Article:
Abstract: In the last decade, research into the molecular determinants of aging has progressed rapidly and much of this progress can be attributed to studies in invertebrate eukaryotic model organisms. Of these, single-celled yeast is the least complicated and most amenable to genetic and molecular manipulations. Supporting the use of this organism for aging research, increasing evidence has accumulated that a subset of pathways influencing longevity in yeast are conserved in other eukaryotes, including mammals. Here we briefly outline aging in yeast and describe recent findings that continue to keep this “simple” eukaryote at the forefront of aging research.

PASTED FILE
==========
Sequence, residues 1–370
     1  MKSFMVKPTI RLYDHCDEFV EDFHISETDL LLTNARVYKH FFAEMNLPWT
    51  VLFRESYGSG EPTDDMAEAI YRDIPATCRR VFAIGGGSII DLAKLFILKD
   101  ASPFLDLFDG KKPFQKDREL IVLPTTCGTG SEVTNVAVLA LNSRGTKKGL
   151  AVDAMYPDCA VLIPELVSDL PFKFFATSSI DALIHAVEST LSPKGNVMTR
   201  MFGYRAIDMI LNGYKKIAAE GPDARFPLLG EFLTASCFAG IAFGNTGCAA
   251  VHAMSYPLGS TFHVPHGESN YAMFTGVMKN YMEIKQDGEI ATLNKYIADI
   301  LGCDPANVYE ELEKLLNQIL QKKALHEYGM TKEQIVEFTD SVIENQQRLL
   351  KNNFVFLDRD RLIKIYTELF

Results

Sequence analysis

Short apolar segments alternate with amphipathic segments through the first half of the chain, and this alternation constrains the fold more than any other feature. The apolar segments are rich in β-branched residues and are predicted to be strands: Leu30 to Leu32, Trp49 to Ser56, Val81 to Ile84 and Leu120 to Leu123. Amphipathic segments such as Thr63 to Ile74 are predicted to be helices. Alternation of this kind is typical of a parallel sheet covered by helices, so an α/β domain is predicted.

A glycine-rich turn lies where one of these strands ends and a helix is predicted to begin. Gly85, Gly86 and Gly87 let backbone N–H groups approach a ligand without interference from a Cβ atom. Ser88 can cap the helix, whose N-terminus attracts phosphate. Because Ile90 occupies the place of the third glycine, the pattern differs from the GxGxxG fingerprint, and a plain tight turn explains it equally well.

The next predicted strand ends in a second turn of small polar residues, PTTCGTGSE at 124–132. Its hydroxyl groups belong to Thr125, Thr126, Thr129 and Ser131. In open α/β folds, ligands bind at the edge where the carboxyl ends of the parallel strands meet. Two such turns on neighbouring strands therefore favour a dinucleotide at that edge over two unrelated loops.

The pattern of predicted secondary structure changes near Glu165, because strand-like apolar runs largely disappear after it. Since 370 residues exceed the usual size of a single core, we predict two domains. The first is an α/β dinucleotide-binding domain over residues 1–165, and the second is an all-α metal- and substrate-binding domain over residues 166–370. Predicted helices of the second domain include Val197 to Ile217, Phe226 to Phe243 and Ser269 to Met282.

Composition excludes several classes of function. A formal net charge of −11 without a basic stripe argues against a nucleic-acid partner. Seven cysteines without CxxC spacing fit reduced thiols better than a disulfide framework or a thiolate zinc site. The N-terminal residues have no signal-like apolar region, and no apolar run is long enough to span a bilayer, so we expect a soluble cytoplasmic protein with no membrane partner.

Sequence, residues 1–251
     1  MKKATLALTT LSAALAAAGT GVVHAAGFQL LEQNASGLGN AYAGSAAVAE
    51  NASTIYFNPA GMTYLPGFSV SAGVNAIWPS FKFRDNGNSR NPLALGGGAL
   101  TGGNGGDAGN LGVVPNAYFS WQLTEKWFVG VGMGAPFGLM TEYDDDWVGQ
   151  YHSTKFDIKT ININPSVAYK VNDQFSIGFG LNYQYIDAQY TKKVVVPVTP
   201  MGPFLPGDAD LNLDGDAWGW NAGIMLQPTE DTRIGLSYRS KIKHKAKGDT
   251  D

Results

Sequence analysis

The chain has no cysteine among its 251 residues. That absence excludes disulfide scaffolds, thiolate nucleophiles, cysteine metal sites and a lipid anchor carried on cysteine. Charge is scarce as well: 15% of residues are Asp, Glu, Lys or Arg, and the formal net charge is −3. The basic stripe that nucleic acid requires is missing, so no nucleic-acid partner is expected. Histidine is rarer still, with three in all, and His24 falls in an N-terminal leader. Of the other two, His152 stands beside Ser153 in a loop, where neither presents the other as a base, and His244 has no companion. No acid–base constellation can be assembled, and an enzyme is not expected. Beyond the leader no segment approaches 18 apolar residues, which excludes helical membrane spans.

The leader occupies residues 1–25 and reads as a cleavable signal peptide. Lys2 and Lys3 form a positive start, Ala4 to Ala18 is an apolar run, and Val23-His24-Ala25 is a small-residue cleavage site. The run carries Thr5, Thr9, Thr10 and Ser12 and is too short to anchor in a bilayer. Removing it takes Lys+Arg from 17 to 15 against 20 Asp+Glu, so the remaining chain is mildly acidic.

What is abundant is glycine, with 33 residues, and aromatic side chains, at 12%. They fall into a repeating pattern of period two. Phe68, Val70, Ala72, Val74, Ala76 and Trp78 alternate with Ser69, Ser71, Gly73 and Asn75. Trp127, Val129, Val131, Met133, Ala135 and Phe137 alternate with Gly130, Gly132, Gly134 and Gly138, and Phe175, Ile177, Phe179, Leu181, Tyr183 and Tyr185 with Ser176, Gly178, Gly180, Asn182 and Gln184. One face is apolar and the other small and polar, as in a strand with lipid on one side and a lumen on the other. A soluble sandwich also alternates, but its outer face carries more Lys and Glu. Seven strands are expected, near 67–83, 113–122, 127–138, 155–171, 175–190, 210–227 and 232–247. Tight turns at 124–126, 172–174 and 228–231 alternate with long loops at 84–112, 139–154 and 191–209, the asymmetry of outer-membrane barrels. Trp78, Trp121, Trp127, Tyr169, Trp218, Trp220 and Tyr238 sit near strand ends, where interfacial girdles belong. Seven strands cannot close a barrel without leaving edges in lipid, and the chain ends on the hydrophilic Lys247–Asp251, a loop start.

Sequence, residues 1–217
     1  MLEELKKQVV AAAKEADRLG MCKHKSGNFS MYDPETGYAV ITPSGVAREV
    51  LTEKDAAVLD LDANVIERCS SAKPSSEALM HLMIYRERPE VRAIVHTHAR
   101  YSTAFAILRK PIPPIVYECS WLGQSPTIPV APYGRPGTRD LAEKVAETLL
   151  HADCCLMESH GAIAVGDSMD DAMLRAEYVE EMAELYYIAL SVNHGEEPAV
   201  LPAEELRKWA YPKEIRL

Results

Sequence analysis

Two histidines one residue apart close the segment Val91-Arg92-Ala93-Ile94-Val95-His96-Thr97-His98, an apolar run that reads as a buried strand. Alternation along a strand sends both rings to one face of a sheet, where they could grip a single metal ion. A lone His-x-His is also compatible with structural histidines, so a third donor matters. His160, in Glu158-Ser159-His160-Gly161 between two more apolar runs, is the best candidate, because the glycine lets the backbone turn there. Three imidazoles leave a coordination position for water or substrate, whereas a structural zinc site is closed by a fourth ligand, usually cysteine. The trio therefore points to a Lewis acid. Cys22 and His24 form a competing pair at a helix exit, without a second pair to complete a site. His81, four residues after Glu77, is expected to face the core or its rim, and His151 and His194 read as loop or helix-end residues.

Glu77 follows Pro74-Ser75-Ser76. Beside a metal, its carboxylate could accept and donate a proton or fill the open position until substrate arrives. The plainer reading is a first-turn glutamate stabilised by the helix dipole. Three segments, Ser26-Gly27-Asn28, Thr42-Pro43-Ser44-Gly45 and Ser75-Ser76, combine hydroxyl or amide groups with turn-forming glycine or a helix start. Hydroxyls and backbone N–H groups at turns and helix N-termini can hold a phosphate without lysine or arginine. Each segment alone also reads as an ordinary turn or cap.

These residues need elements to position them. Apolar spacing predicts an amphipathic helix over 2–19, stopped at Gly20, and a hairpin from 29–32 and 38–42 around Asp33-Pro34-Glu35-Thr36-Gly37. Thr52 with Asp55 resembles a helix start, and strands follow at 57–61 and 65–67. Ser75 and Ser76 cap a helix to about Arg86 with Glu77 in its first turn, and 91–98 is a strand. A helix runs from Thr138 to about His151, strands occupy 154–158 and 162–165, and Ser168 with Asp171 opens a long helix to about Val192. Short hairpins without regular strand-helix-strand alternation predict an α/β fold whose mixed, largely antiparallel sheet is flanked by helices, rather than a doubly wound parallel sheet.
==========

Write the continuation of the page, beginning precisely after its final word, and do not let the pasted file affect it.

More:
Evidence that Proteasome-Dependent Degradation of the Retinoblastoma Protein in Cells Lacking A-Type Lamins Occurs Independently of Gankyrin and MDM2
Ryan T. Nitta, Catherine L. Smith, Brian K. Kennedy
PLOS ONE , 2007, DOI: 10.1371/journal.pone.0000963